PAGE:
Public Repository

Last pushed: 2 months ago
Short Description
Rust build environment.
Full Description

Rust Docker container for easily building static Rust binaries

Public trusted images available on:

This repository is used to build a Docker image for the
Rust programming language and a few supporting tools. The
image includes rustc, rustdoc, cargo, git, SSL
certificates, and build essentials, so it should be able
to run cargo build on most projects out of the box. T
he path /source is a volume where you can mount a
Cargo project from the host machine.


The following command will drop you into a Bash shell with the
current directory on the host shared. From there you can run
rustc, rustdoc, and cargo as you please.

docker run -it --rm -v $(pwd):/source omnijarstudio/rust

Building for musl

Without dependencies

alias omnijar-musl-builder='docker run --rm -it -v "$(pwd)":/home/rust/src omnijarstudio/rust'
omnijar-musl-builder cargo build --release

This command assumes that $(pwd) is readable and writable by uid 1000,
gid 1000. It will output binaries in
target/x86_64-unknown-linux-musl/release. At the moment, it doesn't
attempt to cache libraries between builds, so this is best reserved for
making final release builds.

Deploying your Rust application

With a bit of luck, you should be able to just copy your application binary
from target/x86_64-unknown-linux-musl/release, and install it directly on
any reasonably modern x86_64 Linux machine. In particular, you should be
able to copy your Rust application into an
Alpine Linux container.

How it works

rust-musl-builder uses musl-libc, musl-gcc, and the new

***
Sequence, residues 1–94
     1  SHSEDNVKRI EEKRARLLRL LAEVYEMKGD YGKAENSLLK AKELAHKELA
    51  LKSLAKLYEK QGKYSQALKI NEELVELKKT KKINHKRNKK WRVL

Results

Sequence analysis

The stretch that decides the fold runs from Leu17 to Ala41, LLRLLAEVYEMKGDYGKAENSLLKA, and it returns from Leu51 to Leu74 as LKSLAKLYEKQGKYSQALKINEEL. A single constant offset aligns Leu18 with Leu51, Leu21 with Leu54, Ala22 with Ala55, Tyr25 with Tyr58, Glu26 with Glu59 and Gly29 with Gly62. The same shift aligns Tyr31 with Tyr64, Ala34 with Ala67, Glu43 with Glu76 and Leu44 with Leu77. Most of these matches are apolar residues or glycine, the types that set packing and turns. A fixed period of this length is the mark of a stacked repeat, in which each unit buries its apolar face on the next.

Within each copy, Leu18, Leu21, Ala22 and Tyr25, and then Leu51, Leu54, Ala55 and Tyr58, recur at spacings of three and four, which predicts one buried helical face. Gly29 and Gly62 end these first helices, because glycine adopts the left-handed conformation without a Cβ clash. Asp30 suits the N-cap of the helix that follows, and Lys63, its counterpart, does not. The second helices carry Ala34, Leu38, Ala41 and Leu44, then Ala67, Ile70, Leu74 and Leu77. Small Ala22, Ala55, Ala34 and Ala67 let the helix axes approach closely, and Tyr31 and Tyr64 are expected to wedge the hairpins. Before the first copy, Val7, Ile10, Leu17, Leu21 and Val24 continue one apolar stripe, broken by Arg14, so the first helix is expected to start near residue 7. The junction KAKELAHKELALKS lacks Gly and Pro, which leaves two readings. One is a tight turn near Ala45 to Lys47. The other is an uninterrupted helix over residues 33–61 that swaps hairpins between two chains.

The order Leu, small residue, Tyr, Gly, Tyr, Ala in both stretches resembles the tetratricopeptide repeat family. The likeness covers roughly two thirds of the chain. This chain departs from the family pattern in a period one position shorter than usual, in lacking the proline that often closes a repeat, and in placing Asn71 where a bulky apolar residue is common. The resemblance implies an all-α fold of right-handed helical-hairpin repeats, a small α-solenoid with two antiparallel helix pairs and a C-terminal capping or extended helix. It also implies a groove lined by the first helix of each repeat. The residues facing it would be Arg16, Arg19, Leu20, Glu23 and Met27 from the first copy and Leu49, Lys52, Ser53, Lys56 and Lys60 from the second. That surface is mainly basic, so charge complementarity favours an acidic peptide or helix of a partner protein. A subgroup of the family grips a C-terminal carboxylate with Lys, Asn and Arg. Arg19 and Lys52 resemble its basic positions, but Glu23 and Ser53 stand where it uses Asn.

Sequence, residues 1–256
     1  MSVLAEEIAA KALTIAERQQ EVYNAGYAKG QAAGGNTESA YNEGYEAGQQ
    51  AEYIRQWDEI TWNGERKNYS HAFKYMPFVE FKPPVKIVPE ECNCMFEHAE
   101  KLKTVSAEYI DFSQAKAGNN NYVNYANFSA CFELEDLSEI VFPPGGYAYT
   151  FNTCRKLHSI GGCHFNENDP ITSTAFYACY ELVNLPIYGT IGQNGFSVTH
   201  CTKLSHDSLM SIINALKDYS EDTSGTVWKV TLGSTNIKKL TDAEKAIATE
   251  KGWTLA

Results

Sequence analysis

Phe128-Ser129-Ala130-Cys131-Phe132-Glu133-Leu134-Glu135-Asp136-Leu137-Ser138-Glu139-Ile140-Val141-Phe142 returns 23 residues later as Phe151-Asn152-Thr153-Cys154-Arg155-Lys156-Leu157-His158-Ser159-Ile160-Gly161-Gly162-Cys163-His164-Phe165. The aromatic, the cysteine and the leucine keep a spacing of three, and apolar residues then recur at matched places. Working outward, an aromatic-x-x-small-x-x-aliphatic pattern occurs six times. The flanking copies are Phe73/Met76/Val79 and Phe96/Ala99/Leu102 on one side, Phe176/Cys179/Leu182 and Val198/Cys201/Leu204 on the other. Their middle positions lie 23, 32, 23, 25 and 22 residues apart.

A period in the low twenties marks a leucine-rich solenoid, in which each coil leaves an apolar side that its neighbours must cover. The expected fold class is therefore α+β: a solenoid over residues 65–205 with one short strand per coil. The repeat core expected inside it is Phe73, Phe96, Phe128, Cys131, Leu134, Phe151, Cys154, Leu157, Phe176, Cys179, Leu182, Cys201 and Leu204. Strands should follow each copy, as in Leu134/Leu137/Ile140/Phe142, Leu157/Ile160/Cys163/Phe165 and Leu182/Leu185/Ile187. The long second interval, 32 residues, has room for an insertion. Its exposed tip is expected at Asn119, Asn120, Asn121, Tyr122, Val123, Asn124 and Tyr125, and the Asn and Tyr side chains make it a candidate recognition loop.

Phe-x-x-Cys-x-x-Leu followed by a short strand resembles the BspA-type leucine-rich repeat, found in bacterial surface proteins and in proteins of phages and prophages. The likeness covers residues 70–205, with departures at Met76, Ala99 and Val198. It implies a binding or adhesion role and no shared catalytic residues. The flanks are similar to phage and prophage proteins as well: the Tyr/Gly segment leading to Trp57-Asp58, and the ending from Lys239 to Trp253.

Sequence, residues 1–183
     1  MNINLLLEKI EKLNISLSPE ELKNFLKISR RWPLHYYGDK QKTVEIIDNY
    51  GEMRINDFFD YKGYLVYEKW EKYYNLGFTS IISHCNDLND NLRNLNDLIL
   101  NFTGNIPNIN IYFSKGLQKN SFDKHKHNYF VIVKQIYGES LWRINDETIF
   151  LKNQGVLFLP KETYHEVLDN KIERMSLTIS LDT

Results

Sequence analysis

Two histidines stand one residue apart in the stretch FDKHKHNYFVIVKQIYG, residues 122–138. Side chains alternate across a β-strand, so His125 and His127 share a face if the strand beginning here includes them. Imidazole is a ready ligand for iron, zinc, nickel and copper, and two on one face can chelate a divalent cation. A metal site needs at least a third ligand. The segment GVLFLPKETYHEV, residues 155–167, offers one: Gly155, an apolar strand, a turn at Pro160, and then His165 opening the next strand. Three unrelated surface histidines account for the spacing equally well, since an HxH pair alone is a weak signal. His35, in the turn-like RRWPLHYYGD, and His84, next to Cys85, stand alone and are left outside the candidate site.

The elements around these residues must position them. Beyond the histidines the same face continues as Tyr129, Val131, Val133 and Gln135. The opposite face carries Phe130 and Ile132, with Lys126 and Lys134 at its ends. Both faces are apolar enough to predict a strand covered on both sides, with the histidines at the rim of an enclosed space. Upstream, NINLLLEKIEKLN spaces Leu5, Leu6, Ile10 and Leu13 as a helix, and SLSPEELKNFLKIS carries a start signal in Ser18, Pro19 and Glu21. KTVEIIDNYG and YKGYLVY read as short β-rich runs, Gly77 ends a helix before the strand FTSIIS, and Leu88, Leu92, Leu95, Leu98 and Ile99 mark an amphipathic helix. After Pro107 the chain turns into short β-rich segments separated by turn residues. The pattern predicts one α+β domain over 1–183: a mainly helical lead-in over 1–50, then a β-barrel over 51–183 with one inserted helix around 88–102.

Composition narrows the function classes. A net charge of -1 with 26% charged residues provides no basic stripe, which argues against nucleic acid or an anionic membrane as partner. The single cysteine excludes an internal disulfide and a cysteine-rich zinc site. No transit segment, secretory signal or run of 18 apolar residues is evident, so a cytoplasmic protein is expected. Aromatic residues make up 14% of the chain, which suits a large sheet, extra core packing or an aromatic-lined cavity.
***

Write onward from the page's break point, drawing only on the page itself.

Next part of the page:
rustup target support. It includes static versions of several

  • The standard musl-libc libraries.
  • OpenSSL, which is needed by many Rust applications.

Adding more C libraries

If you're using Docker crates which require specific C libraries to be
installed, you can create a Dockerfile based on this one, and use
musl-gcc to compile the libraries you need. For example:

FROM omnijarstudio/rust:musl

RUN VERS=1.2.8 && \
    cd /home/rust/libs && \
    curl -LO$VERS.tar.gz && \
    tar xzf zlib-$VERS.tar.gz && cd zlib-$VERS && \
    CC=musl-gcc ./configure --static --prefix=/usr/local/musl && \
    make && sudo make install && \
    cd .. && rm -rf zlib-$VERS.tar.gz zlib-$VERS

This usually involves a bit of experimentation for each new library, but it
seems to work well for most simple, standalone libraries.

If you need an especially common library, please feel free to submit a pull
request adding it to the main Dockerfile! We'd like to support popular
Rust crates out of the box.

Making static releases with Travis CI and GitHub

These instructions are inspired by rust-cross.

First, read the Travis CI: GitHub Releases Uploading page, and
run travis setup releases as instructed. Then add the following lines to
your existing .travis.yml file, replacing myapp with the name of your

language: rust
sudo: required
- linux
- osx
- stable
- docker
before_deploy: "./build-release myapp ${TRAVIS_TAG}-${TRAVIS_OS_NAME}"
  provider: releases
    secure: "..."
  file_glob: true
  file: "myapp-${TRAVIS_TAG}-${TRAVIS_OS_NAME}.*"
  skip_cleanup: true
    rust: stable
    tags: true

Next, copy build-release into your project
and run chmod +x build-release.

When you push a new tag to your project, build-release will automatically
build new Linux binaries using the Omnijar Rust builder, and new Mac binaries
with Cargo, and it will upload both to the GitHub releases page for your

For a working example, see faradayio/conductor.


MIT license.

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